You’ve spent several thousand dollars building your Raleigh, NC, home, and you’d be happy to move into a trouble-free and comfortable home. But sometimes, nature and other factors conspire against us.
Perhaps the construction team was sloppy in their work or used substandard materials on your foundation. Within a few years of moving in, you realize the foundation walls are cracking and water is seeping into your basement.
Mistakes were made, but there’s no point in agonizing over the poor structural support or backfilling. Contact your local foundation repair contractor in Raleigh, NC, to correct the problems before they cause serious foundational damage.
Why Does the Foundation Sink in Summer?
Heat is the reason most foundations sink in summer. Excess heat means the soil gives up its water through evaporation. When the moisture level goes down, the soil becomes less dense and ultimately shrinks. The foundation will pull away from your home’s footing and settle, causing damage to the walls and floors above.
How to Tell the Foundation is Settling
Look no further than these four signs:
Foundation Wall Cracks
Cracks will appear on your foundation walls. When they do, it’s an indication something is happening beneath your home. Vertical cracks will pop up and widen as the foundation continues to settle. Parts of the wall may tilt and pull apart as well. Cracks that appear wider at the top than the bottom need to be fixed quickly.
Don’t ignore the jagged cracks on your drywall, as they’re potential signs of foundation shift. Cracks are likely to appear in high-stress areas like windows or corners. Slanting floors and burst pipes are other tale-tell signs of settlement.
Standalone chimneys will start leaning to their sides. And the rate of tilting depends on the chimney’s weight. Ask your foundation repair contractor to investigate and fix the root issue.
Sticking Doors and Windows
If you start noticing doors and windows sticking a lot lately, your house is slowly shifting. Cracks may also appear right above your doors and windows. Gaps around doors and windows as well as buckling tiles are other signs that foundation repair is due.
Preventing Foundational Damage and Issues
Summer will likely take a toll on your foundation, as this is the time the soil dries and shrinks. Make sure you water the soil around your foundation. A lawn sprinkler can be a time-saver.
Another thing you can do is install rock beds two inches all around your foundation. What this bed does is moisten the soil. Keeping the soil moist also prevents settling, a common problem during hot summers.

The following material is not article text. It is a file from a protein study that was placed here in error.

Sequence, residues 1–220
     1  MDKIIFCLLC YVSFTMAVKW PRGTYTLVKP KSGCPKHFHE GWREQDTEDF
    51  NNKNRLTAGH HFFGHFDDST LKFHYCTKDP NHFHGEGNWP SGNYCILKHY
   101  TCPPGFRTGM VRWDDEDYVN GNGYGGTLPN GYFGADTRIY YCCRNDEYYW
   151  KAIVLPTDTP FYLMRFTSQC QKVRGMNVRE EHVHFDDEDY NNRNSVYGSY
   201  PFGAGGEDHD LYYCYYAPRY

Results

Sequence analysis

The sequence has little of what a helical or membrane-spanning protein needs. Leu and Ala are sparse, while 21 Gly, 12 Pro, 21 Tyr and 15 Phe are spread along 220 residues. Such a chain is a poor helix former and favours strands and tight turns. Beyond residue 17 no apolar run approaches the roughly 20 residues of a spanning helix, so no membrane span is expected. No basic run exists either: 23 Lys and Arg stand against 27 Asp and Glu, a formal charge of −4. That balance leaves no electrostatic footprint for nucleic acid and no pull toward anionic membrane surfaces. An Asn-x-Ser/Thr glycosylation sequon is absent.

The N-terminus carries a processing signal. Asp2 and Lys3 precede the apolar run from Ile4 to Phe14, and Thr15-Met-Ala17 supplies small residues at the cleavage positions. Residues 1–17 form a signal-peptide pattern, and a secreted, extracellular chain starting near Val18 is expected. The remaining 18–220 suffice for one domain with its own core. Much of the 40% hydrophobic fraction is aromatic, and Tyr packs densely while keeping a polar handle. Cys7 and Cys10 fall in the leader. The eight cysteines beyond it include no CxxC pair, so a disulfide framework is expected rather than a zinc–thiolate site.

Foundation Repair Solutions
A sinking foundation doesn’t have to mean the end of your home. If your home’s foundation is shifting or settling, your contractor may apply the following solutions to prevent settlement and restore floors.
Foundation piers. Pier systems including helical piers, push piers, and slab piers are commonly used to stabilize and restore foundations following settlement. More like legs, they enhance the loadbearing capacity of structures that have sunk due to unstable or weak soils.
The IntelliJack™. Made from galvanized steel, IntelliJack™ is your answer to bouncy or uneven floors. This solution helps level girders and floor joists in the basement or crawl space, ultimately stabilizing your floors and correcting problems arising due to weak soils.
IntelliBrace™. Perhaps the best I-beam in the foundation repair industry, the IntelliBrace™ straightens and stabilizes bowing walls. The good thing about them is they’re corrosion-free and result in a clean-cut appearance.
Carbon fiber system. Moisture and frost can gang up and trigger wall cracks along the foundation. The carbon fiber straps help you stabilize your cracking walls. They are 10 times stronger than steel. Best of all, they contour tightly against the wall for ultimate coverage and wall adhesion.
Get in touch with Tar Heel Basement Systems for a free foundation repair inspection and quote. Our experts will examine the condition of your foundation and recommend an appropriate solution. We have the tools, expertise, and experience to resolve any underlying issues and prevent future foundation damage.